Big Engines Ultimate in Luxury at Geneva Motor Show
Huge engine power and speed records remain the name of the game for the many luxury vehicles on prominent display at the International Geneva Motor Show this week.
"In super-luxury, there is still a tendency to try to reach new speed records," explained German car specialist Stefan Bratzel.
Judging from the models unveiled in Geneva, horsepower wars still have plenty of road ahead of them.
Italian Lamborghini, celebrating its 50th anniversary, unveiled its Veneno (Spanish for poison) model -- a name that hints at the warrior nature of the sleek machine.
With 750-horse power under the hood and a whopping price-tag, the car turned more than a few heads at the show.
Only three models of this bundle of concentrated technology have been made, and each has already been snapped up for a staggering 3.0 million euros ($3.9 million).
Accelerating from 0 to 100 kilometers an hour in just 2.8 seconds, and with a top speed of 355 kilometers (220 miles) an hour, the car is the fastest non-racer ever built by Lamborghini, company chief Stephan Winkelmann said.
Ferrari's brand new hybrid supercar, LaFerrari, is another big attraction at the show.
Car enthusiasts need a fair dose of patience to catch a mere glimpse of the dream machine, made by Italy's Fiat.
But once through the crowd, the firy red descendant of Ferrari's famous Enzo is a heart-stopper, especially with its promise to go from 0 to 200 kilometers an hour in less than 8.5 seconds.
It has two engines: one electric and one a thermic 12-cylinder, allowing it to boast 963 horsepower at short distances.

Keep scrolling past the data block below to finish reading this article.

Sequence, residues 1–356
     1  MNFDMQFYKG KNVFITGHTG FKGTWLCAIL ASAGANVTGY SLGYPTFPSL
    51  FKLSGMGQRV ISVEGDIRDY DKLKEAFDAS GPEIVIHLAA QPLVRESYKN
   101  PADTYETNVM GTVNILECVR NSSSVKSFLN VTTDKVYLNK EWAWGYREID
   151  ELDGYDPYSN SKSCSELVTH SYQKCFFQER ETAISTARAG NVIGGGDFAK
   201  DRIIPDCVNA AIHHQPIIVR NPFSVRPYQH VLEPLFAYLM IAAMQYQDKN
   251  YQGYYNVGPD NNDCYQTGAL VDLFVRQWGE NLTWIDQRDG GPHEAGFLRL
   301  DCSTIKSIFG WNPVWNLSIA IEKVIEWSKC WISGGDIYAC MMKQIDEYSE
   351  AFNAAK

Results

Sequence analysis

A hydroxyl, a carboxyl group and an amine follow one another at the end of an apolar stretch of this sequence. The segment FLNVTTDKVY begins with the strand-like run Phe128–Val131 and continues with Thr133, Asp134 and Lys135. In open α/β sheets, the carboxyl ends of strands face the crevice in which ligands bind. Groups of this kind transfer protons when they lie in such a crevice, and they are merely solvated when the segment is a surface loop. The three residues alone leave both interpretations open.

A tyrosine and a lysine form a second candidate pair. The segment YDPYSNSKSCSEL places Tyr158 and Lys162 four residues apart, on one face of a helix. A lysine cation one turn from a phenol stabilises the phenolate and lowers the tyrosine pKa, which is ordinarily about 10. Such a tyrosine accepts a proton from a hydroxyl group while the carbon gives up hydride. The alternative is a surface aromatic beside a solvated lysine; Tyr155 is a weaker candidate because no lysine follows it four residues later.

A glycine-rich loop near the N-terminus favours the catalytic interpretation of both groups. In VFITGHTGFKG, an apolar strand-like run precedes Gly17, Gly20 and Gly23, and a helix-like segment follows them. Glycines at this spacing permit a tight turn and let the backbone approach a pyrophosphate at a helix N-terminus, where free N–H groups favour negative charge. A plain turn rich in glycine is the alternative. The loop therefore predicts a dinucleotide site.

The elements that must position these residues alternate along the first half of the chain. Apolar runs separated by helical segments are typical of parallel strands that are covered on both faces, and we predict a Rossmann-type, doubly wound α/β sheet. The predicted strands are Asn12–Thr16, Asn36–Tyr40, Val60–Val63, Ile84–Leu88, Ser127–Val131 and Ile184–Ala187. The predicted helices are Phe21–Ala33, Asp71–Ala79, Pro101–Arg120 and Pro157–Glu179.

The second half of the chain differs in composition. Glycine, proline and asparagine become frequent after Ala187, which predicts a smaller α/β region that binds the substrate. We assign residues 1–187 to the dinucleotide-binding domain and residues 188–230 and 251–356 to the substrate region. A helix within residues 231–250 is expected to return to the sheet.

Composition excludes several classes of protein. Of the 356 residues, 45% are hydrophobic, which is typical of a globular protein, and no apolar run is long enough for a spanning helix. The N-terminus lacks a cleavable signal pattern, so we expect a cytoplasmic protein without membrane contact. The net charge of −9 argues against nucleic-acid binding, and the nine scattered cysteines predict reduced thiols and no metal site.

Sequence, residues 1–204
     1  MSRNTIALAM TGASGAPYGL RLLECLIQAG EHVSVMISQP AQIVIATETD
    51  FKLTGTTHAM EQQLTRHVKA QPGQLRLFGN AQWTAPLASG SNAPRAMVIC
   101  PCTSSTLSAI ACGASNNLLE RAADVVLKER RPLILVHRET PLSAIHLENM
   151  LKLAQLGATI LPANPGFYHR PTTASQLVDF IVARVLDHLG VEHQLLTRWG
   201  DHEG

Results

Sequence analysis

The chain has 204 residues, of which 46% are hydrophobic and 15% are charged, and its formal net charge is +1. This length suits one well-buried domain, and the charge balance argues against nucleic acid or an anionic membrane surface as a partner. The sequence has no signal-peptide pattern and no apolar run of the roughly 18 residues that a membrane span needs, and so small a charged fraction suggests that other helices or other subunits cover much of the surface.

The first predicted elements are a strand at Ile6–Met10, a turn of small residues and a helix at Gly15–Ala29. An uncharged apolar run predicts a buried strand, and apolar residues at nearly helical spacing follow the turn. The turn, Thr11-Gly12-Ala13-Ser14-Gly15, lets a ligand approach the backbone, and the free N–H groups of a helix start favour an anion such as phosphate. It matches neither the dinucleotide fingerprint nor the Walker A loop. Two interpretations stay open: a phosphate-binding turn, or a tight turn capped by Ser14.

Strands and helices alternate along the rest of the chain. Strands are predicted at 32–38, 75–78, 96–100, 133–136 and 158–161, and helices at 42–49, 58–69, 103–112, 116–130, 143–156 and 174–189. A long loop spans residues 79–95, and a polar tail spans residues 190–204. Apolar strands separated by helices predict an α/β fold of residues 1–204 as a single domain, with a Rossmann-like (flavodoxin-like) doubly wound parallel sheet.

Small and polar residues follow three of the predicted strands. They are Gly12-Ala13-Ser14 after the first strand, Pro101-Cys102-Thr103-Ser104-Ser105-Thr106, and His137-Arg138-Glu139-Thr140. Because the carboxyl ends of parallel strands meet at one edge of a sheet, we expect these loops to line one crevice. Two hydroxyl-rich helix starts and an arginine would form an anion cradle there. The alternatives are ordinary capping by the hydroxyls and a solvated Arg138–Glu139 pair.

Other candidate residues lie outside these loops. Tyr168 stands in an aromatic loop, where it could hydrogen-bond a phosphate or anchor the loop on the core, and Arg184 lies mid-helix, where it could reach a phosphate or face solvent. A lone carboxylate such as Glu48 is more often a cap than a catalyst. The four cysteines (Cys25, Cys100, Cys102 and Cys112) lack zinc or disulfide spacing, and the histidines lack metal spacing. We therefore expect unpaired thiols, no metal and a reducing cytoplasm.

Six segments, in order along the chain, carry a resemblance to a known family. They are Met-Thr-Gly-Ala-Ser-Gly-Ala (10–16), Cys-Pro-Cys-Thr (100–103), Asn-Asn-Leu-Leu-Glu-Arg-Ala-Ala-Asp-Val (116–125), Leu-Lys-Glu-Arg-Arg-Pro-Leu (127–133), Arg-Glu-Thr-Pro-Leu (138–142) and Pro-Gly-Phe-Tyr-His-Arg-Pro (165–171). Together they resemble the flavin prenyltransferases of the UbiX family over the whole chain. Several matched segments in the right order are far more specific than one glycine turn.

The 499 LaFerraris made have already found buyers, each willing to pay more than one million euros to call the luxury speed dream their own.
LaFerrari's biggest rival on the floor is called P1. The bright yellow model with butterfly doors was built by British McLaren, and is sold for the same price as its Italian competitor.
Only 375 of these cars, which also have two engines and promise 916 horsepower, are slated for production.
The symbol of refinement, Rolls-Royce, owned by German BMW, meanwhile unveiled a new four-seat coupe, the Wraith.
Boasting 633 horsepower, it aims for high-speed performance and is clearly aimed to take on Bentley's Continental GT.
The Wraith is the most powerful car to ever come out of a Rolls-Royce plant, the carmaker said. With its generous curves and luxurious passenger compartment, it will go on sale in Europe at the end of the year for 245,000 euros.
Right across from it, Bentley showed off the Flying Spur, which with a 625 horsepower is presented as the fastest four-door model ever to come from the carmaker.
The golden racing sedan is soon to go on sale for just under 200,000 euros apiece.
Lifted by the swelling U.S. market and a dynamic Asia, the luxury segment appears to have easily withstood last year's European crisis, and continues to push out superlative-laden press releases.
"The race for power is not over yet" at Ferrari and others, said Polk analyst Bertrand Rakoto.
Some carmakers are meanwhile trying to innovate and broaden their product portfolios.
Germany's Porsche, for instance, can thank its Cayenne SUV for spurring a spike in the brand's sales.
Several other luxury carmakers are also planning an onslaught of new vehicle types, and, following Porsche's example, especially focusing on the highly promising SUV segment.
Bentley for instance aims to launch one in 2015 and Lamborghini expects to do the same by 2017. They are both waiting for a green light from their German parent company Volkswagen.
Rolls-Royce is also looking at the segment, and Fiat's Maserati is planning to broaden its offerings with a small cross-over as well as a small sedan by 2015.